Intelligence and dating
Most dating apps limit searches to specific areas, and you have to match with someone who also ‘swiped right’ or ‘liked’ you.
That meant we also had to like profiles of potentially real people.
The kind (and amount) of information divulged—about the users themselves, the places they work, visit or live—are not only useful for people looking for a date, but also to attackers who leverage this information to gain a foothold into your organization.
To bear out the risks, we delved into various online dating networks, which initially included Tinder, Plenty of Fish, Jdate, OKCupid, Grindr, Coffee meets Bagel, and Love Struck.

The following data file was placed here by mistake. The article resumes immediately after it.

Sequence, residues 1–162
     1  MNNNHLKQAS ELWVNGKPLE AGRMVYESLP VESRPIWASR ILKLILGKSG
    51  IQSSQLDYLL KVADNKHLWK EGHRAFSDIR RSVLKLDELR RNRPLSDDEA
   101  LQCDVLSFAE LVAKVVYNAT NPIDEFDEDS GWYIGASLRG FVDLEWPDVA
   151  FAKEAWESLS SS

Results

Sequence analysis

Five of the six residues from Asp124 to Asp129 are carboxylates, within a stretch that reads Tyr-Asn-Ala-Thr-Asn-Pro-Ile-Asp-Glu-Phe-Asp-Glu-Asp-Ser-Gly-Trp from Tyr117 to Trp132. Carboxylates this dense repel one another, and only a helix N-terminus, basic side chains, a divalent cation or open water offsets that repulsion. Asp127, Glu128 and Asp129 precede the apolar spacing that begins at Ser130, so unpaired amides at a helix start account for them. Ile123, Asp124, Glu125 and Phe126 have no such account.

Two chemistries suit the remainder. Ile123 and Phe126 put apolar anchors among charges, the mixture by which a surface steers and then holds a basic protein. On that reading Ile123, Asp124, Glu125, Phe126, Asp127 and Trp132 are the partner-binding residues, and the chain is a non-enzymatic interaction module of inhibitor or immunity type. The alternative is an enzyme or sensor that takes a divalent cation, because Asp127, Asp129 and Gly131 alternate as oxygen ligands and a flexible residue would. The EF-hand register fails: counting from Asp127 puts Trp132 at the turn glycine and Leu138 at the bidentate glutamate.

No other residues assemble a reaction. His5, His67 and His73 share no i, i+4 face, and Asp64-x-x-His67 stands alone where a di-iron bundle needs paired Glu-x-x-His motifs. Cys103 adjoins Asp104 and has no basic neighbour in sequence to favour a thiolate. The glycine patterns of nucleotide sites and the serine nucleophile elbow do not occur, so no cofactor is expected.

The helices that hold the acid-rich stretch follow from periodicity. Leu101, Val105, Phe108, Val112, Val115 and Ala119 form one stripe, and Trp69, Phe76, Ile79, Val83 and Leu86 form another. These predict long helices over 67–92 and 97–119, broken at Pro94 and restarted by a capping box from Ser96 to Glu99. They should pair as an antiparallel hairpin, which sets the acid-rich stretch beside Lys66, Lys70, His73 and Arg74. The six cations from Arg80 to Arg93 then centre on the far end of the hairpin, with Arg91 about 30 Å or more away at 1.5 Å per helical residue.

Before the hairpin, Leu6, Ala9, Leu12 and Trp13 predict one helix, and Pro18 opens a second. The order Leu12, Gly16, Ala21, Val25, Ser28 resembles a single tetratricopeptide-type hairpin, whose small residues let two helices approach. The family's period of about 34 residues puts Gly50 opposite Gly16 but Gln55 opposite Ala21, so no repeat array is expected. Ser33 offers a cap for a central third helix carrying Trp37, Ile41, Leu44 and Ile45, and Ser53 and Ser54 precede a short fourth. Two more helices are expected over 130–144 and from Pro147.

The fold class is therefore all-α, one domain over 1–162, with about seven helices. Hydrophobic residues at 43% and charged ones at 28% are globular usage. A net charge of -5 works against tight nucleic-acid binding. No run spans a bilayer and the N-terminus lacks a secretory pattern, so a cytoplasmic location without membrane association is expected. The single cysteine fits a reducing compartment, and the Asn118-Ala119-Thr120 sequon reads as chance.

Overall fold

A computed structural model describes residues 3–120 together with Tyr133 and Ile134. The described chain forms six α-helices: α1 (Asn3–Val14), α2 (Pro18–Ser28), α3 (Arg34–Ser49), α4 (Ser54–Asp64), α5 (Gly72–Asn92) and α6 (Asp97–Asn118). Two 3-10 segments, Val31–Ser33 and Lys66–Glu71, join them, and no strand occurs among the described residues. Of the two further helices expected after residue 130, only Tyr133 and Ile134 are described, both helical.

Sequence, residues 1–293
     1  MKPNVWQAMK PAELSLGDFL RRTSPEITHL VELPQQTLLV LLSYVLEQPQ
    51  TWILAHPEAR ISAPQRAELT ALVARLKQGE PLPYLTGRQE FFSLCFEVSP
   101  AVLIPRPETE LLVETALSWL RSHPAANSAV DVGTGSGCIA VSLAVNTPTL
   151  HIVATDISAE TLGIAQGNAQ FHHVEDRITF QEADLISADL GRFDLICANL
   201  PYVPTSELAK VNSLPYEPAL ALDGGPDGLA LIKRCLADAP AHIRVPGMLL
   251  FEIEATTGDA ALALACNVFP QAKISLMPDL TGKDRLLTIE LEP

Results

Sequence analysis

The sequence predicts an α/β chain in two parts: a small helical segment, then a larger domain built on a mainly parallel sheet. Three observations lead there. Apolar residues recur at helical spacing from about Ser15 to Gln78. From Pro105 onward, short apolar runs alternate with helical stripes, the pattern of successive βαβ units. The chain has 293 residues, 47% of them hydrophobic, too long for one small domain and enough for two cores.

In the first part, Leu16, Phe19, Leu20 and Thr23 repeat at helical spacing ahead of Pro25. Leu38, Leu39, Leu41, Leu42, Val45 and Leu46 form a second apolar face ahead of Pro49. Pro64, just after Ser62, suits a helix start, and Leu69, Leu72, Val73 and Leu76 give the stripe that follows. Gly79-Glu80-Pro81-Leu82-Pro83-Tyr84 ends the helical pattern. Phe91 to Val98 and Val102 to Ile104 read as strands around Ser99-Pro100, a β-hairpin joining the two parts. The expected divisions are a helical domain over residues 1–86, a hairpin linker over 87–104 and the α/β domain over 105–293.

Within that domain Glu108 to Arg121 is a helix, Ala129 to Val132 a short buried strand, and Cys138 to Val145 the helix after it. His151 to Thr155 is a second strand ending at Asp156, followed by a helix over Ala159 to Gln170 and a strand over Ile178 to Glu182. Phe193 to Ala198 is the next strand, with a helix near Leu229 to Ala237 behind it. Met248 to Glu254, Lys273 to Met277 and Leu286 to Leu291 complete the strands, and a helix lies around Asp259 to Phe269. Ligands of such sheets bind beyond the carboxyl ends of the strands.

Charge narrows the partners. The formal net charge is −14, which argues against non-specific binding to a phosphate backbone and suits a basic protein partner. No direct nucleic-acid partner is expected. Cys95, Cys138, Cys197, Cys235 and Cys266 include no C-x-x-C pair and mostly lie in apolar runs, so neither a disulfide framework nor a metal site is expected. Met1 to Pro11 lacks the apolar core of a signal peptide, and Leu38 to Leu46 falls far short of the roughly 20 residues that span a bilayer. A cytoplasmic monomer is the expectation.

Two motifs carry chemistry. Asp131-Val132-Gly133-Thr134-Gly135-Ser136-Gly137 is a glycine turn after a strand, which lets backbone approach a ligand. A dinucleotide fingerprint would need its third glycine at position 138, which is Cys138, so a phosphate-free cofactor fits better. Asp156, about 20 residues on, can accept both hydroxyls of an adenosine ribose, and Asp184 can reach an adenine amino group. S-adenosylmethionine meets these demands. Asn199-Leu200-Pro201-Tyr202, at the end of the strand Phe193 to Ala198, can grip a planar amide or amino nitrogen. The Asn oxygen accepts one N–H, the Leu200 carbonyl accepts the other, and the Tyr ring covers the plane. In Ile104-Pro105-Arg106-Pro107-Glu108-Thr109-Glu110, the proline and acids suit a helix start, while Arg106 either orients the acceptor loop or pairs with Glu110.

That shouldn’t come as a surprise, as online dating networks allow you to filter people using a wide range of factors—age, location, education, profession, salary, not to mention physical attributes like height and hair color.We also set up profiles that, while looking as genuine as possible, would not overly appeal to normal users but entice attackers based on the profile’s profession.That let us establish a baseline for several locations and see if there were any active attacks in those areas.This led to some interesting scenarios: sitting at home at night with our families while casually liking every single new profile in range (yes, we have very understanding partners).We also employed a few house rules for our research—play hard to get, but be open-minded: The goal was to familiarize ourselves to the quirks of each online dating network.